‘I believe that ultimately the electric motor will be universally used for trucking in all large cities, and that the electric automobile will be the family carriage of the future. All trucking must come to electricity. I am convinced that it will not be long before all the trucking in New York City will be electric.’
Thomas Edison, 1914
Little did Thomas Edison realise that his prediction would take another 100 years to come close to reality.
Electric cars were quite popular during his time. They didn’t make much noise and could be recharged at home, while gas cars needed…well, petrol.
But even though people liked them, the electric car didn’t take off back then.
It wouldn´t be until the 1970s that interest in electric cars sparked again, mainly because of higher oil prices at the time and technology advancements.
We are seeing a big push for them today, and there are a lot of incentives from all parties to make the switch.
China is definitely taking the lead on this.
According to EV Volumes, China is the largest market and producer of plugins. In just the first half of 2018, new electric vehicle (EV) car sales were three times higher than in the US. And the numbers keep growing.
China is also looking to end production and sales of internal combustion engine (ICE) vehicles by 2040. And other governments like the UK and France are also taking similar steps to phase out ICE vehicles.
Yes, the push for change may have to do with decreasing pollution, but we suspect it’s not the only reason.
It could also very well have to do with your data.
According to an investigation from the Associated Press, the Chinese government is getting data reports from electric vehicle manufacturers. As they wrote:
‘More than 200 manufacturers, including Tesla, Volkswagen, BMW, Daimler, Ford, General Motors, Nissan, Mitsubishi and U.S.-listed electric vehicle start-up NIO, transmit position information and dozens of other data points to [Chinese] government-backed monitoring centers, The Associated Press has found. Generally, it happens without car owners’ knowledge.
‘The automakers say they are merely complying with local laws, which apply only to alternative energy vehicles. Chinese officials say the data is used for analytics to improve public safety, facilitate industrial development and infrastructure planning, and to prevent fraud in subsidy programs…
‘Automakers initially resisted sharing information with the Shanghai monitoring center; then the government made transmitting data a prerequisite for getting incentives.’
Which brings me to automakers and their incentives …
Automakers and their incentives
With governments phasing out ICE vehicles, electric auto manufacturers have a great opportunity to sell more vehicles, and replace every car that is currently on the road. This is a huge incentive.
And there could be an added bonus. They could be adding a new source of revenue: data.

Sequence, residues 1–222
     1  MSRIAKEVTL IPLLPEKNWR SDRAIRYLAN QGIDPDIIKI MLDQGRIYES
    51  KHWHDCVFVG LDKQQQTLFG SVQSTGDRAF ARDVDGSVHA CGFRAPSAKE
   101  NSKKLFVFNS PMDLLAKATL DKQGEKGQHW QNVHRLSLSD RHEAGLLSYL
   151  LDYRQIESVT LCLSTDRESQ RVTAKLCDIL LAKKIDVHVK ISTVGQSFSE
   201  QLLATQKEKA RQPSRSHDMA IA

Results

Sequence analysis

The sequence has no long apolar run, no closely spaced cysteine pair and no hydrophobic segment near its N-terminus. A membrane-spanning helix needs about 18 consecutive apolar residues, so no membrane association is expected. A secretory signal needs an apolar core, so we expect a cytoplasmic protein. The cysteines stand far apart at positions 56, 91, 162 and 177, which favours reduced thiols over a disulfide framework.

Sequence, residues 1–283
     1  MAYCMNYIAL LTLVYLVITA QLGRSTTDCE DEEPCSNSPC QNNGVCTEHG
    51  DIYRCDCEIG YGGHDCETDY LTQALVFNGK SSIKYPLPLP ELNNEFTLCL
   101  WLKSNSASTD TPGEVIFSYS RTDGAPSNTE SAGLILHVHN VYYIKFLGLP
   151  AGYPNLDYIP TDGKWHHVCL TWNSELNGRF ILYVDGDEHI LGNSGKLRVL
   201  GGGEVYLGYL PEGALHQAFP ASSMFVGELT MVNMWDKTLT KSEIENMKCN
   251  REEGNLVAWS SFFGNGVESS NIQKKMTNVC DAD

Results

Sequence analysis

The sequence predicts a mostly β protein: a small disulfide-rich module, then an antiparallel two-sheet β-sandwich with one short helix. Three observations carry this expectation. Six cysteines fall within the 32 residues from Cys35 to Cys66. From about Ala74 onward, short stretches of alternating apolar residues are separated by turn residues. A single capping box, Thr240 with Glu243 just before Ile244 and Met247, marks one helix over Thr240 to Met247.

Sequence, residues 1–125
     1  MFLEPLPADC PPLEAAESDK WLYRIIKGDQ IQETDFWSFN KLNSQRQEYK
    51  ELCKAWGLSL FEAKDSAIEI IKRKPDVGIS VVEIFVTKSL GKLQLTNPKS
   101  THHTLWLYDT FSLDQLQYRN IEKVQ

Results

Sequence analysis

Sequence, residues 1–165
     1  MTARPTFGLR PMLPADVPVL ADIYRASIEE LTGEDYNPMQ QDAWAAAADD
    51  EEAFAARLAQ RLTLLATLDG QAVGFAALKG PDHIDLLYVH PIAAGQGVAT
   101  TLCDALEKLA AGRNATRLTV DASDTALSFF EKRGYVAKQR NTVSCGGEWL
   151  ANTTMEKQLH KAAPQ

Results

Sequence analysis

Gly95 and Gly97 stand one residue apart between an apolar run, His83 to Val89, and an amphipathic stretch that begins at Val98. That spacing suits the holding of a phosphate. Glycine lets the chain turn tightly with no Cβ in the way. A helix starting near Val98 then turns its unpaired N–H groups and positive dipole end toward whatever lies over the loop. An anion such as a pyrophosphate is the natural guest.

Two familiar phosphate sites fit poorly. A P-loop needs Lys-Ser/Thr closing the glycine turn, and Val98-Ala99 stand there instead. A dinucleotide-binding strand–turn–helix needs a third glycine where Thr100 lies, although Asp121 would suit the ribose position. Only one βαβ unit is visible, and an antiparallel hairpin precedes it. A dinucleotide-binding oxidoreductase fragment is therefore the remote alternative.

Just think about it, cars can tell a lot about you.
You also spend a lot of time in your car, time that could be used to sell you stuff…especially if vehicles start driving themselves.
McKinsey estimates car makers could make between US$450–750 billion by 2030 just on your data.
But, electric vehicles also have perks for consumers.
Electricity is cheaper than petrol and much like your counterparts in the 1900s, you can conveniently charge your car at home.
Some countries are already seeing the benefits. From The Guardian:
‘Electric cars are already cheaper to own and run than petrol or diesel alternatives in five European countries analysed in new research.
‘The study examined the purchase, fuel and tax costs of Europe’s bestselling car, the VW golf, in its battery electric, hybrid, petrol and diesel versions. Over four years, the pure electric version was the cheapest in all places – UK, Germany, France, Netherlands and Norway – owing to a combination of lower taxes, fuel costs and subsidies on the purchase price.
‘Researchers from the International Council for Clean Transportation (ICCT) said their report showed that tax breaks are a key way to drive the rollout of electric vehicles and tackle climate change and air pollution…
‘[Sandra] Wappelhorst [from the ICCT] said financial incentives for electric cars would not be needed when purchase prices fall to that of fossil-fuel powered cars, which is likely between 2025 and 2030. “It will happen, because battery costs are dropping and that means that the initial price of the vehicles will drop as well,” she added.’
Governments’, electric car makers’ and consumers’ incentives are all aligning well to make the change.
With governments already starting to set deadlines to take action, you can see where the electric vehicle trend is going.
My colleague Ryan Dinse has identified a great opportunity to profit from this booming trend.
If you’re not familiar with Ryan, he used to be a financial advisor for a big Melbourne-based institution with $150 million in funds under management.
That is, until he landed his dream job here, at Port Phillip Publishing. Ryan is now the editor of Exponential Stock Investor.
He’ll tell you all the details himself on 26 February.
Editor, Markets & Money